So until we see how this system rates in those two areas, we don't really have the info we need to make a judgment call as to whether this move by NVidia is progress or regression.
    Reply
  • Ryanman - Thursday, November 08, 2007 - link

    Given, Im no programmer, but couldn't the "bloat" issue be fixed with a couple different modes or something?

    You have the full on mode that can render the 3d temperature, monitor all systems, etc. etc. And then when you get in game (surely you could configure the program to automatically notice once your system is being monopolized by an application that needs it and "tone down" to where it's only monitoring CPU/RAM use and a couple temperatures (CPU, GPU, HDD) like Logitech's G15 Programs. Hopefully you won't be overclocking or optimizing while playing crisis.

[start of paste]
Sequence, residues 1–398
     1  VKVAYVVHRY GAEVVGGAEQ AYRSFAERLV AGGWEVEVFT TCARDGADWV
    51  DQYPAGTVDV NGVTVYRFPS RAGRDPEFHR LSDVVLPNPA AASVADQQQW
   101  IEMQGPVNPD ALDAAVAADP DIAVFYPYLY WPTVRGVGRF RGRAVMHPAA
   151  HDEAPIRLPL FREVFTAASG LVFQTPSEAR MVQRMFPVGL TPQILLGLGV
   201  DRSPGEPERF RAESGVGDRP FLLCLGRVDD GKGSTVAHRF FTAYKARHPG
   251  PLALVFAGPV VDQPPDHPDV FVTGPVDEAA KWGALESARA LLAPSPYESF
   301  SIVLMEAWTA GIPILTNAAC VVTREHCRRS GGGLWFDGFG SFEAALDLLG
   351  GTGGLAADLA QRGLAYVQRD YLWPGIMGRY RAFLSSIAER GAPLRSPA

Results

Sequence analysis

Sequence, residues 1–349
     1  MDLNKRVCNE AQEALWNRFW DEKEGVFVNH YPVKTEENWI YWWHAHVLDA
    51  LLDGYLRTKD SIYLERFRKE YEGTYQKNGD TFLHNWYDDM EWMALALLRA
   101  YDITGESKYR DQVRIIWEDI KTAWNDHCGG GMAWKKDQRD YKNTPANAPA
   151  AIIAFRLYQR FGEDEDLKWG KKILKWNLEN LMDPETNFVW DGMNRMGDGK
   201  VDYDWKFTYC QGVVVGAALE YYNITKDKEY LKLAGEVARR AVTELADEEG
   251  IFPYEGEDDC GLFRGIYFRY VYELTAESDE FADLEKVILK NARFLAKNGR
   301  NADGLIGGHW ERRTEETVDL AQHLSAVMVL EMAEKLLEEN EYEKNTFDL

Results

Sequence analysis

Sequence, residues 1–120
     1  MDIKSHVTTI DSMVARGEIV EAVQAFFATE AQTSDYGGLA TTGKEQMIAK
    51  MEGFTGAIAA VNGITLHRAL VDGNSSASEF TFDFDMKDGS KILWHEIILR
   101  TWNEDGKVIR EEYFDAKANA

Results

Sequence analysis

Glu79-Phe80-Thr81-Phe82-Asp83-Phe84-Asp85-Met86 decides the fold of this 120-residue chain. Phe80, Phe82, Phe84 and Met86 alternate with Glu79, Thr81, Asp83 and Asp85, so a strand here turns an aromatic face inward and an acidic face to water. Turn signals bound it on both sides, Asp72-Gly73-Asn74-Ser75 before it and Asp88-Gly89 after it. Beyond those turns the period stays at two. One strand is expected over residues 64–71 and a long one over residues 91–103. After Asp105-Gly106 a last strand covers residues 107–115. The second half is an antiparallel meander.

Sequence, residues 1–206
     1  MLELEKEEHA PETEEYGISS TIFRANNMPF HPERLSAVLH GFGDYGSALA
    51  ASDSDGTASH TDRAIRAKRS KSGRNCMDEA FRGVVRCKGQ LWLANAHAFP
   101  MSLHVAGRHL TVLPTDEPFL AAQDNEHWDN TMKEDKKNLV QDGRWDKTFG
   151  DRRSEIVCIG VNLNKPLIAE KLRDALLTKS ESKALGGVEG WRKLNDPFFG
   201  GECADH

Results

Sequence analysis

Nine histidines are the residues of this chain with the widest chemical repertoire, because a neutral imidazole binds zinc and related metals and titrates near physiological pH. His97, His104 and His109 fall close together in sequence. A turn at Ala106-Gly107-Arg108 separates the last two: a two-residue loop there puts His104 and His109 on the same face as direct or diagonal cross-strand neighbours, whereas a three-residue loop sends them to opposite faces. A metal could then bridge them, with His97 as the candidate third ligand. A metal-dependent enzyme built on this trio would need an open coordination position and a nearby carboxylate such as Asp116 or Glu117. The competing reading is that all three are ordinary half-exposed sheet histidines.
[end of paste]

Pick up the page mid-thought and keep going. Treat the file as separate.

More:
And a sleek UI isn't that hard to make. Get a graphic designer and a couple UI experts to do it, can't be too expensive. Make the buttons big and some color options and I'll have it running all the time.

    I'm personally VERY excited about this. I'm an ATI fanboy but ideas like ESA, trying to unify PC enthusiast use (like, say game consoles) is always a good thing. And people may not care about high-end systems and say this is useless, but one of the fun things about this platform is squeezing as much as possible out of it. Let the games begin.
    Reply
  • pugster - Monday, November 05, 2007 - link

    I think it would be the first good move by the manufacturers. We can probably get rid of the excessive software bloat by the hardware manufacturers including software included by sound cards, video cards, and motherboards. I don't know about the hardware manufacturers giving up control of their hardware to software tweaks. Reply